- Failure to understand the scope of potential demand. Some of these legal publishers may not realize the scope of potential demand for their periodical content, especially among nonlawyers, in their own nation and in other countries. My previous post offered several examples of evidence of such demand.
- Failure to envision second-order benefits. Some legal publishers may not have considered desirable second-order effects of the new approach. Such effects include a higher Web profile for all of the publisher’s content; possibilities for engaging with existing and new audiences in new ways; receiving innovative ideas from customers and discovering new business partners through Web 2.0 technology; and developing innovative new products and services built upon periodical metadata or content.
How might the legal community and the broader scholarly/professional publishing community respond to these concerns? Here are some ideas:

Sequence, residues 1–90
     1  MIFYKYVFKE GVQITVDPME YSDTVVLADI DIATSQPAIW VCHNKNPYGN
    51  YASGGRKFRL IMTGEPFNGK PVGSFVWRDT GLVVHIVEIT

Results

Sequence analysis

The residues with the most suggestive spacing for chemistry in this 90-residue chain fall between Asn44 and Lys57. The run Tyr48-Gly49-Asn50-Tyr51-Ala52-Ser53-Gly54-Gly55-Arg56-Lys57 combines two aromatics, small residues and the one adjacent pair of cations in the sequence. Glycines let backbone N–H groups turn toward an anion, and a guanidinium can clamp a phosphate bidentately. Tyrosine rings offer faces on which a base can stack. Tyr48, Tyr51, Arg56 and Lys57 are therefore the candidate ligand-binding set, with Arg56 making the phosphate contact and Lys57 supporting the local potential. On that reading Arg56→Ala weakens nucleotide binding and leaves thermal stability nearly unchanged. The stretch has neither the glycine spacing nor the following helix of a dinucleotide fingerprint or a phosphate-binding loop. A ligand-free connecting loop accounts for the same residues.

- Competition: Members of the legal community who have not previously engaged in publishing could enter the legal periodical publishing market. Given the low costs of ejournal publishing today; the availability of a variety of free or low-cost publishing platforms including ejournal, blogging, and content management systems; and the abundance of legal academics and professionals willing and able to supply quality content, the potential for new market entrants to increase competition in the legal periodical article market seems great.